After the President’s speech in Prague last April, when he laid out his personal vision of a world without nuclear weapons, the US has been carrying out a review of its nuclear posture and the conclusions are due to be published in a declassified version early next week — before Mr Obama flies back to Prague to sign the new Strategic Arms Reduction Treaty (Start) with President Medvedev of Russia on April 8.President Bush tried but failed to persuade Congress to finance a new programme to develop more advanced “bunker-busting” nuclear bombs, as well as to design new atomic warheads. Now Mr Obama is expected to rule out the development of new weapons systems — despite reservations from the military, which is mindful that Russia and China are modernising and expanding their nuclear forces respectively. He will also drop the notion, espoused by his predecessor, that nuclear warheads can be deployed in certain circumstances; for example, if another country resorts to attacking US forces with chemical or biological weapons.
Daryl Kimball, executive director of the Arms Control Association in Washington, said that if Mr Obama redefined nuclear arms as purely weapons of deterrence, it would “eliminate the number of potential targets the US military think they need to hit”. It would also reduce the number of nuclear weapons the US believes it needs, he said, which could bring the total well below the 1,550 strategic warheads agreed under the new Start treaty announced last week.
One of the key issues is whether Mr Obama should agree to make a new declaration that the US will never be the first to use nuclear weapons — no first-use, as it is called. Under Mr Bush the policy was deliberately ambiguous.
The Obama Administration could declare a “negative security assurance”, under which the US would pledge never to attack a non-nuclear state with nuclear weapons, provided that they were loyal upholders of the Nuclear Non-Proliferation Treaty (NPT). “That would exclude North Korea and Iran,” Mr Kimball said.
In reviewing its nuclear arsenal, the US is considering withdrawing from Europe its last tactical nuclear weapons — 200 B61 gravity bombs — which are based in Belgium, Turkey, Italy, Germany and the Netherlands; all members of Nato. Under a longstanding agreement, the air forces of these countries would be expected to fly their own bombers carrying the American B61 bombs in the event of a conflict in which the US had approved the use of nuclear weapons.
A decision on this is not expected to be included in the revised nuclear posture, as it is a matter for discussion within Nato, which is developing an updated strategic concept. However, several countries say they want the nuclear gravity bombs to be withdrawn because there is no longer any justification for keeping them in Europe.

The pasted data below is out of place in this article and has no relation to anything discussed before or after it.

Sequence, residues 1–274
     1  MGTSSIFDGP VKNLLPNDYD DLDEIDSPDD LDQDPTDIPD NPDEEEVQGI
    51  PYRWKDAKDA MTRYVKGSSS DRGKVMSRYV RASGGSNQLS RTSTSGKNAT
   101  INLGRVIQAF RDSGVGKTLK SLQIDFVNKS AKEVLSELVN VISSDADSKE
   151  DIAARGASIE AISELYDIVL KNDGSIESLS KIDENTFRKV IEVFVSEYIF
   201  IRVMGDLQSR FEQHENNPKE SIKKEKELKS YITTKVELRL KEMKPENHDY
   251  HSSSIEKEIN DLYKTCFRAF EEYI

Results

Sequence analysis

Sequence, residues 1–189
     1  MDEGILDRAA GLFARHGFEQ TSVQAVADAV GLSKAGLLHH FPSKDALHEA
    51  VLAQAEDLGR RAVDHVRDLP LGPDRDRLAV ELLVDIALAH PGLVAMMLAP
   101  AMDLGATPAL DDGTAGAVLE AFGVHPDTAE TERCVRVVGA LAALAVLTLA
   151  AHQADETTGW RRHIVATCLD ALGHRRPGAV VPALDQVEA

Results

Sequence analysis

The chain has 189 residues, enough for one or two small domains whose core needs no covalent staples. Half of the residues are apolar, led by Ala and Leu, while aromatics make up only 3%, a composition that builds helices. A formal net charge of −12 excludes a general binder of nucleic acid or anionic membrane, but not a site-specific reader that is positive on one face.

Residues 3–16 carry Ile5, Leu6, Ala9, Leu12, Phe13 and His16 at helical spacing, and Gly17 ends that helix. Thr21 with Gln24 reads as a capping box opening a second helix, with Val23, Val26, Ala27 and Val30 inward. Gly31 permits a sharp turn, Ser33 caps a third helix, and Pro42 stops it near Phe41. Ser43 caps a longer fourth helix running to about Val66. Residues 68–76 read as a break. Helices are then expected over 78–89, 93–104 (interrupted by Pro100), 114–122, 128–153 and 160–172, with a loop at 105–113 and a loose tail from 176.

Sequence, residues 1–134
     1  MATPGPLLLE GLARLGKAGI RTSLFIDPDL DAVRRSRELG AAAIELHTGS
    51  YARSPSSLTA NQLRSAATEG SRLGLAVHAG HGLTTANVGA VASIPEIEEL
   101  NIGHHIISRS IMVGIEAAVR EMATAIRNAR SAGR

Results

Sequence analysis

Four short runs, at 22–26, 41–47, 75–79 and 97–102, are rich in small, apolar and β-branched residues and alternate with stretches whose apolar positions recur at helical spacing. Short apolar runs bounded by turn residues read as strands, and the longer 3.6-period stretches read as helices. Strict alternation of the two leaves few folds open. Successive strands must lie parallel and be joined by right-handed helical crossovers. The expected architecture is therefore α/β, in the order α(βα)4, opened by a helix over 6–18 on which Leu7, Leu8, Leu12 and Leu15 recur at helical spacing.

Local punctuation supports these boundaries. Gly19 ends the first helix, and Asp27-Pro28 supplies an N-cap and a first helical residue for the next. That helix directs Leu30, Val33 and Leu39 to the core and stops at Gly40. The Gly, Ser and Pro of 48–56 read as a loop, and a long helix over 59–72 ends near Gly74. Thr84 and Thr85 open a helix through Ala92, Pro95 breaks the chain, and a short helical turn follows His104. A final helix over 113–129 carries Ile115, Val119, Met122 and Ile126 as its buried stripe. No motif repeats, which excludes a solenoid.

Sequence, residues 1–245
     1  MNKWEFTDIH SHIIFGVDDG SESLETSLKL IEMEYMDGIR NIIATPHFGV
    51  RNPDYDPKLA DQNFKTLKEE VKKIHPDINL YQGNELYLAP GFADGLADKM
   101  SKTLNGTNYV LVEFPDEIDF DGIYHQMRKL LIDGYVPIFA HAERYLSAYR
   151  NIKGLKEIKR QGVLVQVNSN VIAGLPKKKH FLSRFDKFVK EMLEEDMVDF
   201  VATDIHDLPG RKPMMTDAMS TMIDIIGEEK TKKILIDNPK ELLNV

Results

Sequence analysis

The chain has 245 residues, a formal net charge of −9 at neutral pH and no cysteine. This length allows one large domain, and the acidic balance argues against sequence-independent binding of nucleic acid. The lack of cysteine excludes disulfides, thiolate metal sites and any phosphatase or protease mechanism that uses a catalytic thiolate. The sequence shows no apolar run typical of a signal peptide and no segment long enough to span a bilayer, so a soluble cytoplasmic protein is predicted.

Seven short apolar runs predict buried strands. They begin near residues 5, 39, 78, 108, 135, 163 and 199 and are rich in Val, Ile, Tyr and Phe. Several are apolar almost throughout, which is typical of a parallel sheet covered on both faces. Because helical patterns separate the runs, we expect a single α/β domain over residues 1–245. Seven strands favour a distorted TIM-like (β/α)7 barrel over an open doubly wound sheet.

Mr Kimball said: “It’s not like the Red Army is going to be coming across Poland and Germany. Conflict between Russia and the US is unfathomable, but the nuclear weapons in Europe give the Russians the cynical excuse not to talk about their own strategy on tactical weapons.”
Dmitri Medvedev spoke on the phone to President Obama to seal the deal
It took no more than 15 minutes yesterday for President Obama and President Medvedev to agree on the final wording of a treaty that will lead to significant cuts in American and Russian strategic nuclear warheads. The hard work had already been carried out by US and Russian negotiators in
Geneva, but the two leaders spoke to each other on the telephone briefly to
seal the agreement that will cut nuclear arsenals on each side to 1,550
warheads — down from 2,200 — and reduce stockpiles of missiles and launch
Within minutes of Mr Obama making an announcement at the White House, Moscow claimed that the treaty would establish a legally binding link betweenHowever, Robert Gates, the US Defence Secretary, who attended the announcement ceremony at the White House yesterday, insisted that the treaty would not prevent the US from “improving and deploying” missile defence systems in Europe and elsewhere.
strategic weapons and missile defence systems, hinting that it might impose
restrictions on America’s anti-missile programme, which the Russians oppose.The deal, to be signed by Mr Obama and Mr Medvedev in Prague on April 8, marks the American President’s most significant foreign policy achievement since taking office.
Hillary Clinton, who was present at the ceremony, said that it would also send a message to Iran and North Korea, both locked in nuclear stand-offs with the West, that the US and Russia were committed to preventing proliferation.
The Secretary of State said that the treaty, which has to be ratified byMr Obama described the cutback not only as a sign of his long-term dream of a world without nuclear weapons but also as a reflection of the “reset” relationship between Washington and Moscow. “When the United States and Russia can co-operate effectively it advances the mutual interests of our two nations and the security and prosperity of the wider world,” he said.
Congress and the Russian Duma, will be subject to a rigorous verification
regime. She recalled the phrase often used by Ronald Reagan in his talks on
the issue with President Gorbachev: “Trust — but verify.”
Mr Gates emphasised that nuclear weapons remained a pillar of America’s defence posture “both to deter potential adversaries and to reassure more than two dozen allies and partners who rely on our nuclear umbrella for their security”.
However, he added: “It is clear we can accomplish these goals with fewer nuclear weapons.”